BPitch Control's artsy full-lengths tend to be growers: not instantly loveable but instead interesting works which need repeated listens to be really unravelled. And while Kaiku has these challenging moments, it has its fair share of straight-up dance floor bombs as well. "Death Railway," for example, has alien ambience being bullied from below by a militant kick, and is the sort of solid dark house that Pokerflat fans would lap up. But the digital world it documents is a complete volt-face from the previous track. "Immortal" is a vocal lead, organic affair, with strings and click-clack percussion coming together in an edgy, almost uncomfortable way.
The unrest which runs through Kaiku comes from neither one sonic pool nor another, and is neither future digital nor retro analogue, but always flitting somewhere in between. Emotional discord is presented by the rippling keys and cosmic twitches of "No Words Necessary" which, whilst recalling Global Communication, aren't allowed to define the track's tone. Instead, they're contradicted by a nagging, fawning electro stab and twist which makes you somehow feel sorry for it, as if it's literally the sound of your heart strings being plucked.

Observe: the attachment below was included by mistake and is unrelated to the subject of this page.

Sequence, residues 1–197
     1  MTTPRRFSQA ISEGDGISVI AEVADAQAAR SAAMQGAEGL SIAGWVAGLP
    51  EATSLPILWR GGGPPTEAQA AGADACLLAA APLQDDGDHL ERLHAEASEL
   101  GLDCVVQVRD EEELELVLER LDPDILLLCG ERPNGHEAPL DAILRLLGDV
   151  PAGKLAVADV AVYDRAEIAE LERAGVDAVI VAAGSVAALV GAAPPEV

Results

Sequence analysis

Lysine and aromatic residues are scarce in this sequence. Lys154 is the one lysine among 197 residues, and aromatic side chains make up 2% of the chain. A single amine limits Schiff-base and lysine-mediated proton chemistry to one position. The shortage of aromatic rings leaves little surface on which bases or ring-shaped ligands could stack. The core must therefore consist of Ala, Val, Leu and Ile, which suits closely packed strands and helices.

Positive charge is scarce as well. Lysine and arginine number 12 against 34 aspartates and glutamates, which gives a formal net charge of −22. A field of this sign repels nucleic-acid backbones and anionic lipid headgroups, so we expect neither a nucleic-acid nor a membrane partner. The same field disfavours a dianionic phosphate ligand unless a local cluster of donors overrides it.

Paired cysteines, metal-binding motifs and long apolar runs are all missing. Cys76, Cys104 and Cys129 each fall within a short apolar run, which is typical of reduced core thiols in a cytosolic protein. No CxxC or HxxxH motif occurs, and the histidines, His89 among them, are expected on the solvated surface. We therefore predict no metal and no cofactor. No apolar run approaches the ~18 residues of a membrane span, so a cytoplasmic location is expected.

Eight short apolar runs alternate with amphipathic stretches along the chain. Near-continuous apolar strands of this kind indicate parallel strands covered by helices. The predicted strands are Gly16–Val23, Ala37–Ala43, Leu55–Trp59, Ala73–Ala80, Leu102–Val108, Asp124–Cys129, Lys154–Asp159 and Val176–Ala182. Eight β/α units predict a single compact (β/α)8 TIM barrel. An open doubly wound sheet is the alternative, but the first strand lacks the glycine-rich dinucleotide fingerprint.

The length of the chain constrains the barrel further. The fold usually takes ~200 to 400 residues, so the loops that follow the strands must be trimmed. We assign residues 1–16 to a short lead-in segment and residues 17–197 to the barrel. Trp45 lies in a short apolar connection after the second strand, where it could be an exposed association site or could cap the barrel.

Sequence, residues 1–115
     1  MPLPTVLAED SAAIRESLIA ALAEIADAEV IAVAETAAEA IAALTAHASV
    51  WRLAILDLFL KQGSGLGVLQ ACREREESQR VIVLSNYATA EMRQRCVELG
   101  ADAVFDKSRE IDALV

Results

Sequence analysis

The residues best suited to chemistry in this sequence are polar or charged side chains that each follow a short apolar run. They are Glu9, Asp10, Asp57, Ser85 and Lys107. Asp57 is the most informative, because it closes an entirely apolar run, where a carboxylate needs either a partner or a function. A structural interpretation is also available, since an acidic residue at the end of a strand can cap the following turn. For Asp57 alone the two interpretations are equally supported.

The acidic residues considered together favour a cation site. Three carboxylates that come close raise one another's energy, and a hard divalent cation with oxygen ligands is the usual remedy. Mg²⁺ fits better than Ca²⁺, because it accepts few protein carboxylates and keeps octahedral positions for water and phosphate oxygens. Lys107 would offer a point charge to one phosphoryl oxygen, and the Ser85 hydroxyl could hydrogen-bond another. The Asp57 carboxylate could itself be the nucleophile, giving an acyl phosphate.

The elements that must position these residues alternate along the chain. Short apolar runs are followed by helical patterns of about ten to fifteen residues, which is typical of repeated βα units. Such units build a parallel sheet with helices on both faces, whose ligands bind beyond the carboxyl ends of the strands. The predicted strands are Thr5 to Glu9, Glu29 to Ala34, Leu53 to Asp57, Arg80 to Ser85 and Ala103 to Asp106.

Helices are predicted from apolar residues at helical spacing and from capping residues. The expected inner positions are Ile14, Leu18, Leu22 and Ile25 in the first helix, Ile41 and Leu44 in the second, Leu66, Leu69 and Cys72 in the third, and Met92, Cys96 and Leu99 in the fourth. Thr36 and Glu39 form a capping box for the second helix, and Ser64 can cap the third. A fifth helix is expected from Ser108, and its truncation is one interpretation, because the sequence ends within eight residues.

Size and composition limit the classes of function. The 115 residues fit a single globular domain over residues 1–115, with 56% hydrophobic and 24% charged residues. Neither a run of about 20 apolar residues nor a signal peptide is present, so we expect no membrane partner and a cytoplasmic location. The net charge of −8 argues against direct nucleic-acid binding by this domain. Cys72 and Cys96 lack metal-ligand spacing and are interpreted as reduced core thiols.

Instantly your vulnerable state passes, though, as "Starslider" quickly limbers up from a low-slung swagger and shapes into a smartly shuffling house stomper which lifts your mood skyward. It glides along pushing introverted thoughts from the previous track south, and suggests all is well in Kiki's skitty emotional world once again. "Good Voodoo" has shades of Dilla in its driving black funk, and sultry undertones which ooze from guest MC Chela Simone.
Kaiku may be a little disjointed, but the disparate tones and tempos of the record categorise it not as no-brain, forgettable dance floor fodder, but rather a smartly composed—and diverse—listening experience.